- Would otherwise be returning to an unsupportive living environment, where sobriety and living a sober lifestyle is not respected
- Lack a supportive social circle, and who would benefit from developing and bolstering healthy relationships with other residents in the house
The Benefits of Sober Living
Benefits of sober living include:
- Developing a sense of personal responsibility.
- Continuing on with therapy (individual and group therapy).
- Developing a healthy and sober social circle.
- Making the transition back into fully independent living as seamless as possible.
- Helping residents further develop necessary life skills.
- Having access to support 24/7 (whenever necessary).
- A built-in level of accountability which assists relapse prevention.
How to Pick the Right Sober Living Home
When picking the right sober living, consider the following:
- The location of the house – You want to make sure that the house is in close proximity to a sober support network, employment opportunities, your individual therapist, a variety of 12-step meetings and other community resources. If you or your loved one does not have reliable transportation, it is a good idea to find a sober home that is close to public transportation or within walking/biking distance to things like a grocery store, a meeting house and other essential establishments.
- A low resident-to-staff ratio – It is always a good idea to find a sober home that is staffed by men or women who have years of sobriety under their belts and who are readily available around the clock to offer additional guidance or support.
- Transportation options — It is important to know whether or not the sober living home provides transportation to residents. If you or your loved one does not have a car, it is a good idea to ensure that support staff members transport residents to a 12-step meeting at least once a day, and offer rides to other essential meetings and appointments.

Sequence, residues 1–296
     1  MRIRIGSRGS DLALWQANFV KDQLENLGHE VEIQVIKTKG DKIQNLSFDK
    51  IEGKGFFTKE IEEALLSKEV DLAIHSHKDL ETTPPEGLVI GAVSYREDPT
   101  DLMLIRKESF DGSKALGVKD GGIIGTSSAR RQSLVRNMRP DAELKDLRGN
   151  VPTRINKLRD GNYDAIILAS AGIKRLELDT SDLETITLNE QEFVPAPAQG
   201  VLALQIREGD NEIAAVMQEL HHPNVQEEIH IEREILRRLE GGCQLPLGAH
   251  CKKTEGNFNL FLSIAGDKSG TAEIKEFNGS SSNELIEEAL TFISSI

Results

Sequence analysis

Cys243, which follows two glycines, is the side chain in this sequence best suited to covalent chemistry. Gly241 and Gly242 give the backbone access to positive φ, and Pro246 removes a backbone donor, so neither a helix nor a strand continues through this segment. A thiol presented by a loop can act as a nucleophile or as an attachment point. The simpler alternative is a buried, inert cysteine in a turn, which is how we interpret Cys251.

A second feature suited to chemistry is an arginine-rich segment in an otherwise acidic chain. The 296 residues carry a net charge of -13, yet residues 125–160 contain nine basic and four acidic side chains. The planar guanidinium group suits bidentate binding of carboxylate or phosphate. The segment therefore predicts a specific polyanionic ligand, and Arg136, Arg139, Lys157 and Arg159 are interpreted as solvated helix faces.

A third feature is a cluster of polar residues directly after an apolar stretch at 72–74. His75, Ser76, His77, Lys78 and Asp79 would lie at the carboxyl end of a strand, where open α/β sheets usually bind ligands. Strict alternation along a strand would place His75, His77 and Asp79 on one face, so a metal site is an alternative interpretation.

- The length of the stay – Look for a sober home that requires a minimum stay.
- Whether or not the sober living house has a zero-tolerance policy for drug and alcohol use in place – Also consider what happens if a resident does experience a relapse. Will the resident be thrown out on the street with nowhere to go, or will the owner of the sober home help place him or her back into a higher level of care?
- Cost and amenities – Does the cost of the sober home seem proportionate to the environment and the amenities it provides? Look for a house that is comfortable, clean and fully stocked with whatever you might need (functional kitchen appliances, or example).
- Whether or not the sober home caters to your unique needs – Are your personal needs being carefully considered and met? Would you prefer that your sober home is LGBTQ+ specific, or do you suffer from a dual diagnosis disorder that requires some additional training on the part of the staff?
Covering the Cost of Sober Living
Unlike medical detox or inpatient treatment, most sober living homes require residents to pay privately — just as you would pay for rent in an apartment building or any other temporary housing situation. Most sober homes understand that men and women who are transitioning directly out of a long-term rehab program lack financial stability. Because of this, many reputable sober homes are flexible when it comes to payment plans and will work directly with a resident to come up with the most viable options. There are also ways of getting financed for the cost. To learn more, contact one of Guardian’s Treatment advisors. We are available 24/7.